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COVID-19 (Coronavirus) Update Learn More

Dear Friends and Neighbors,

CentraCare care givers have been working around the clock for more than 20 months to care for you, your families and friends during COVID. We are committed to caring for every Minnesotan who needs us, and nothing will prevent us from doing so – even during these never-seen-before times.

The challenge of providing this level of care is that our hospital beds are often full. ERs in all of our hospitals are packed. And our clinical teams are exhausted. Early in the pandemic, our community stepped up in amazing ways to help us. We ask that you again join us in fighting this pandemic together.

How can you help?

  • Please get your COVID vaccines and booster shots. They are proven safe and effective in reducing COVID illness, keeping people out of the hospital, and preventing death.
  • If your situation is not an emergency, please use other care options, including:
  • If this is a medical emergency, call 9-1-1, or visit the ER.

Together, we can do this. Thank you for your support.

Ken Holmen, MD
President and CEO

When baby takes your breath away

Published in For the Health of It Author: Maggie L. Thronaum, DO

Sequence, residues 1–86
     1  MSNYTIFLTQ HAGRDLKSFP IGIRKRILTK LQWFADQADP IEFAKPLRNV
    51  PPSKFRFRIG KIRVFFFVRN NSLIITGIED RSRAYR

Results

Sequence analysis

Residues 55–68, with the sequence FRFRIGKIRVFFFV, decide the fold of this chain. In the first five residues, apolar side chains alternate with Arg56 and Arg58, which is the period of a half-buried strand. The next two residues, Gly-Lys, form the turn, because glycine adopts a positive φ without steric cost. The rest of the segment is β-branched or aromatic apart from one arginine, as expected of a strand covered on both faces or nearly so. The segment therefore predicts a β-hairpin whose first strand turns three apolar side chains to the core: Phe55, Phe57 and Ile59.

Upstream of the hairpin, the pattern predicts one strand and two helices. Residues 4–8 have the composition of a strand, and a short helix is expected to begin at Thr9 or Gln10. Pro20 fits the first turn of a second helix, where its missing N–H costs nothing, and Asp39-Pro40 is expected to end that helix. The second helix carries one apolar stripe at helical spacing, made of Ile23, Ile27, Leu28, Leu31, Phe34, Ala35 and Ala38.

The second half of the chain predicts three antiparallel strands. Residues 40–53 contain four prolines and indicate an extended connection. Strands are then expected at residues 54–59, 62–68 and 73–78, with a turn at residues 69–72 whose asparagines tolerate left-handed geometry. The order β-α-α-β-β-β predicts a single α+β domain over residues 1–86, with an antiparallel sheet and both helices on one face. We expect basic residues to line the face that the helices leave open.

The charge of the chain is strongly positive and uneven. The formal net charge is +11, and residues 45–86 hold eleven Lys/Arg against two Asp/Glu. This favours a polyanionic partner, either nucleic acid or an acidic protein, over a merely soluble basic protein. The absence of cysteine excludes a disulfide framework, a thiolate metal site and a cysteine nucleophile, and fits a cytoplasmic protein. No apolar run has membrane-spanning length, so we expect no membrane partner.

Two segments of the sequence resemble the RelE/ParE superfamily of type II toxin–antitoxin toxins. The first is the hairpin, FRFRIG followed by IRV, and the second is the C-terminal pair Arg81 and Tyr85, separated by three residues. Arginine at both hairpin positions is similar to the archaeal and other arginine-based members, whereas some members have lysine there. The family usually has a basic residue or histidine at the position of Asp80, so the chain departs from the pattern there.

Obstetrics/Gynecology
CentraCare Clinic – Health Plaza Obstetrics & Women's Health

Pregnancy can be wonderful, but as a baby grows a pregnant woman’s body changes — and it is no secret that there are many discomforts to deal with throughout this time. Some symptoms, such as nausea, often improve as pregnancy progresses. Others may be experienced throughout pregnancy, such as shortness of breath.

Even early in pregnancy it can feel like it is harder to breathe air in — a feeling often described as “air hunger.” This is likely due to changes in your respiratory system caused by a hormone called progesterone. Another reason is that as the belly grows with pregnancy, the rib cage changes size and shape. While she may feel short of breath, mom and baby are not lacking in oxygen. There is just a change in the way your lungs expand.  

Shortness of breath associated with pregnancy should be mild and occur gradually. If you have heart or lung disease; or if your shortness of breath starts suddenly, is associated with chest pain or the feeling of a racing heart, does not resolve with rest, or is accompanied by a cough seek medical care or call your physician.

If you are an expecting mom and suffering from mild shortness of breath, try these tips to breathe easier.

  • Listen to your body. Slow down or stop what you are doing.
  • Maintain good posture. Stand and sit up straight.
  • Change positions.
  • Sleep elevated. Raise up the head of the bed, if possible, or prop yourself up with pillows.

If you need help in finding a provider for you or your child: